Certificates of Appreciation

Eight weeks ago, I walked onto a plane not knowing to expect – of Syria, of the State Department, of US foreign policy, and of myself. I only knew that I had stumbled into an opportunity – rare and golden and sparkling in the distance. Up close, it was something more. Yes, from the outside it’s shiny and hard to describe – like a nebulous mass of abstract power and potential, but inside it is something much more intricate and interesting. And real. There are real decisions being made that affect real lives, and these are the people that are carrying them out. It is kind of overwhelming to think that I have made some kind of small impact on that, too.

Today was my last full day at the Embassy. I tried my best to wrap up everything that I was working on, hoping that I made some kind of good impression during my short time here. And to mark it, my boss – giving me a serious case of the blushes – gave me a fancy Certificate of Appreciation, describing the impact that I had made, and her hopes that I will one day join the Foreign Service to continue that kind of impact.

After recovering from my awkward blushings and finishing up my chain of emails and thank yous and submissions, I thought about it a lot. Joining the Foreign Service. I mean, the thought is not new to my jumbled little brain-box and it’s been increasingly on my mind in the past few weeks.

The Foreign Service, in my opinion, is a like big, awkward family of incredible and intelligent misfits – my boss once said that you have to be a little bit crazy to work in the Foreign Service – and I don’t doubt it. But I have been lucky to work with some really extraordinary people here who, despite their slight craziness, are immensely intelligent, compassionate, and have the capability to do inconceivable and amazing things. I think their view of crazy might be heavily skewed by the “normal American dream”. Sure, these people want happy families and white picket fences, but in places like Ulan Bator, Tripoli, or Lomé. They want success and a rewarding career, but instead of delivering a product, they are delivering policy and protection and positive images of America and its people. I have to admit, it’s nice to be a part of a group of people that doesn’t find that strange. They are career nomads, and a lot of them pull it off with a style and a swagger that I have yet to nail down.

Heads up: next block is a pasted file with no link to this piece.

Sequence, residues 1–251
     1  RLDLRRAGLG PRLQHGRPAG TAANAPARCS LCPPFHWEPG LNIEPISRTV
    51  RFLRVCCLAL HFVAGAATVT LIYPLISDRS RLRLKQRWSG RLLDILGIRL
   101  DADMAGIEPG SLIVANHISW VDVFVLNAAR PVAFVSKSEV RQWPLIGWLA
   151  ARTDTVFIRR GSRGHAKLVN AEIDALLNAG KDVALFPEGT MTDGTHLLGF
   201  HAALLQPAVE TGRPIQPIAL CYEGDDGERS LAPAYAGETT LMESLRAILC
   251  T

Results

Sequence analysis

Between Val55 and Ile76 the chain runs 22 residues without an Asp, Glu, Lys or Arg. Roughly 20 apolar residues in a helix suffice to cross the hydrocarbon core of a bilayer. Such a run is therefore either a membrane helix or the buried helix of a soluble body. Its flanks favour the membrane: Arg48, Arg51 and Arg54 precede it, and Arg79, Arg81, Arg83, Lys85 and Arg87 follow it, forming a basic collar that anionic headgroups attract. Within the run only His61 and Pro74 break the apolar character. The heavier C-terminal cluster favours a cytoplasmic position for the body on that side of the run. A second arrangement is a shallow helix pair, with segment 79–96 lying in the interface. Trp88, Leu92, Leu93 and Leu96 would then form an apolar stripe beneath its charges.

Of course, there are pieces that I don’t agree with, things that I wish would improve, and all of that, too. It’s an imperfect machine, the State Department, but they will be the first to tell you so. Working here has been eye-opening in many ways and, perhaps for the best, has tempered my rampant idealism. I’m not saying that it has stamped it into the ground, mind you, but I feel that it has made me more realistic, and in some ways, more determined. Like any job, it has had its highs and lows. Often, its frustrations out measured its sense of success. It was a challenge, and that is exactly what I was looking for.

So, I’ll pack up my shiny, fancy Certificate of Appreciation, an overabundance of gratitude, and an experience that I am ready to take to the next level, whatever that may be.


One thought on “Certificates of Appreciation

  1. Ah!! Take the test! Even if you’re not entirely sure you want to go that route, I think you would rock the sox off the State Dept.

    In any case, you’re fantastic. I loved reading about your experiences. You need to come visit DC soon. (please.)


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